Oh, yeah, that other hard part: how do we manage to find time in our busy-busy lives to write or paint, garden or bike or do whatever we’ve been yearning to do? It’s so easy to say, “slow down, simplify, take time, breathe, less is more” but the doing requires wanting it enough to change often long-established habits and thinking patterns. Ann Burnett, a professor at North Dakota State University, has studied our modern fast-paced lifestyle since 2002 and notes how being busy is often a “badge of honor”; that we feel guilty if we take time to ourselves. I’ve seen an edge of competitiveness in conversations about busyness like we’re needing to prove our worth through our productivity: “I’m just doing so much, I don’t have time to think…to breathe…to do one more thing.” Those words have often fallen out of my mouth and it can seem like time is the enemy, whipping us around in the tail wind. We cave into the demands for instantaneous responses to emails, texting, cell phone calls and just plain doing more when we really don’t have to. I’d like to suggest one simple practice to slow down time and share some very satisfying moments which I spent watching my cat breathe.
Cocooned within many layers of warm comfort and reluctant to eject myself into the 50º overnight chill of my house, I successfully hushed the oh-so-rational-sounding voice saying I should get up and start being productive. There were no demands on me from the outside world that I couldn’t ignore and my inside world is not nearly that disciplined, so I remained tucked in, gazing at the intricately frosted window the deep cold had designed. How close I came to missing the exquisite display, available for my sole enjoyment only until the sun erased all evidence that it existed. Savoring the way the light careened around the crystalline facets, the rhythmic movement of a furry, tawny mound in the cushioned basket on top of the radiator caught my eye. My orange tabby was lying on his side, only part of his belly visible above the basket edge, the rhythm of his breath rolling in waves under his skin. I kept my attention on his belly, unconsciously matching my breathing to his, slipping back into a peaceful rest.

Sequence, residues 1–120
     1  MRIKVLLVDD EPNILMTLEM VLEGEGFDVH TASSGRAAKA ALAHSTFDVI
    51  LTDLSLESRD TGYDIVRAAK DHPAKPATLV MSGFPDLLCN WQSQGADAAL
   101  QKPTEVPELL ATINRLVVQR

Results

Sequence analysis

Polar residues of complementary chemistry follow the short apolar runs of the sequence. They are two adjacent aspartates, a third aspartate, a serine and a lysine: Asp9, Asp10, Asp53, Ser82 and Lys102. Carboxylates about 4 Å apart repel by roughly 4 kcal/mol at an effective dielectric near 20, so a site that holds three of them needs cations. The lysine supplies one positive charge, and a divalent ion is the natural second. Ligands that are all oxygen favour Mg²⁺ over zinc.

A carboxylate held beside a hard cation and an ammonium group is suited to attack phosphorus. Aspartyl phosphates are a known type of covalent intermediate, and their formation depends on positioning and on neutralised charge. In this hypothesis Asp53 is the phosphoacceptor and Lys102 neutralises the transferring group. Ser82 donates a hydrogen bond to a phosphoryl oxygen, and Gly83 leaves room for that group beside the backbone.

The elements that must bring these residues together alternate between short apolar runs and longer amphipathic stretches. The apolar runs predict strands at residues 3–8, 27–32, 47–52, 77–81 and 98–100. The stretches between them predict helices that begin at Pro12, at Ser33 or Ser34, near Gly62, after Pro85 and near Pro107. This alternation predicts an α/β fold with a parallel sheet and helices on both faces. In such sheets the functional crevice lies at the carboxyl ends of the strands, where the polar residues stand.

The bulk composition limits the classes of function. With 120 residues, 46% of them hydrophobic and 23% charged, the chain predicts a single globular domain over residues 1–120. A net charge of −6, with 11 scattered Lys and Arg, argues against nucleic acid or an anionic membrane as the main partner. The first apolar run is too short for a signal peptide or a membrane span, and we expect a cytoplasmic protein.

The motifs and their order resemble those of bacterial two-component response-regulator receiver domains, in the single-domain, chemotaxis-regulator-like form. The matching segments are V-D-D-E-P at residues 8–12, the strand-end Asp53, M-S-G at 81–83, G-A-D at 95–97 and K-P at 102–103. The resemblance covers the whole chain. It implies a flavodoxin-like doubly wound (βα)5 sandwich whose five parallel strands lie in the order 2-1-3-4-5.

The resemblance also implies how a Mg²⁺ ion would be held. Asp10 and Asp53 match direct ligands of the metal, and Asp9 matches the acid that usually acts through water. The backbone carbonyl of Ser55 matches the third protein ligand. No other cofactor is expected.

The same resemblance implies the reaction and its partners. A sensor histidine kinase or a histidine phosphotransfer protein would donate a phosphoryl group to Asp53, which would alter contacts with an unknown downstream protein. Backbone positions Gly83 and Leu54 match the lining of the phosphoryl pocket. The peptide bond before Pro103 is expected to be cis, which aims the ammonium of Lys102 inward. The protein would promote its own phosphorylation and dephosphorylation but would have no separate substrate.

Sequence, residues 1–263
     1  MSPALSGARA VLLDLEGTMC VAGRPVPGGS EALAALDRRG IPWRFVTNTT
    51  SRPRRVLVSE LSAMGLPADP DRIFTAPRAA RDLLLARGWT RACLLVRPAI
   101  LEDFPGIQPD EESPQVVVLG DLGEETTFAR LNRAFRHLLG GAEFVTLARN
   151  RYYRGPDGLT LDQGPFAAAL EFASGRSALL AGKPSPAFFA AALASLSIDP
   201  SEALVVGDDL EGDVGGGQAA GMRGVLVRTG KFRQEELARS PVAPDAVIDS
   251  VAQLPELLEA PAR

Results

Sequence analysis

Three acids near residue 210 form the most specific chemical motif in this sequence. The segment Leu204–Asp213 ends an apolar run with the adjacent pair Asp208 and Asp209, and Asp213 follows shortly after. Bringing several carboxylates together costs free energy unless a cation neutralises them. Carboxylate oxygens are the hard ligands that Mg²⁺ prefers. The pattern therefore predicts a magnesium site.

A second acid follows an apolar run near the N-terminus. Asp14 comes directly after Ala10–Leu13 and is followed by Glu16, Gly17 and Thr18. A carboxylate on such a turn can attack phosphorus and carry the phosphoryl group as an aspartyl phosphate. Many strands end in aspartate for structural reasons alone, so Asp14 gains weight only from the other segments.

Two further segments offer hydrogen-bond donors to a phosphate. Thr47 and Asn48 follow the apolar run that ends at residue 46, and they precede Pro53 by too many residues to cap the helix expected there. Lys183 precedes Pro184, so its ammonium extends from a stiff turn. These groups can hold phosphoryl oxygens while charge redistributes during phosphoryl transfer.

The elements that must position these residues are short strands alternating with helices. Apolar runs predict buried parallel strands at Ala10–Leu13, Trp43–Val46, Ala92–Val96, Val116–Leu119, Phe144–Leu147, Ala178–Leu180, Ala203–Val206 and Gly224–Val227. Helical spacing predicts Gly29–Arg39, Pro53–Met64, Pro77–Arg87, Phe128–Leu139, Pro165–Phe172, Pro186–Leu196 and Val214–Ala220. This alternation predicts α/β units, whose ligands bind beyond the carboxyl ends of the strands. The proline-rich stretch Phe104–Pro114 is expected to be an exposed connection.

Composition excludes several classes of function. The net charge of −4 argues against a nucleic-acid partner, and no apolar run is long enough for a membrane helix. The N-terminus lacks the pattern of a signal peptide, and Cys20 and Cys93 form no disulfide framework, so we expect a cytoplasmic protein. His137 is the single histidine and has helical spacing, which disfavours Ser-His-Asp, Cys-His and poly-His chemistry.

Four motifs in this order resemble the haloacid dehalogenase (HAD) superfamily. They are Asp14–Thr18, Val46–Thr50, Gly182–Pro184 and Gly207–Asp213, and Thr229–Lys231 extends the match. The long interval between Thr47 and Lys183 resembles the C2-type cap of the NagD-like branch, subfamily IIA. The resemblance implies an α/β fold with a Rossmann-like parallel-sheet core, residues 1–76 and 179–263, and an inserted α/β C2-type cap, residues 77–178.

Cats are exquisite role models for relaxation, so watch one for lessons on how to breathe, for becoming more conscious about your breathing is a simple, available, affordable and very satisfying way to improve your life in many ways. When you focus on your breath, bringing it deeply into your lower diaphragm (“belly-breathing”), allowing yourself the time to fill your lungs with life-giving breath and exhaling easily, completely and fully, you can almost stop time. If your complete attention is on your breath, following its path within you, you can be completely in the moment, which may have a new-agey twang, unpleasant to some ears, but the concept, the experience and the necessity for it are as old as human existence. Deep, relaxed breathing will bring more oxygen to your whole system and increase your energy.
When you are truly in the moment, breathing, meditating, walking, holding a baby, it is impossible to focus on those things that raise your blood pressure or give you ulcers, because as soon as you’re doing that, you’re either in the past with your regrets or in the future with your worries. This is so critical for us to understand for our health and well-being because it’s all we have; not in a metaphorical sense, but in reality. All we have are the moments, one after another, strung like pearls, creating our lifetime. Remember to breathe. You’ll be glad you did.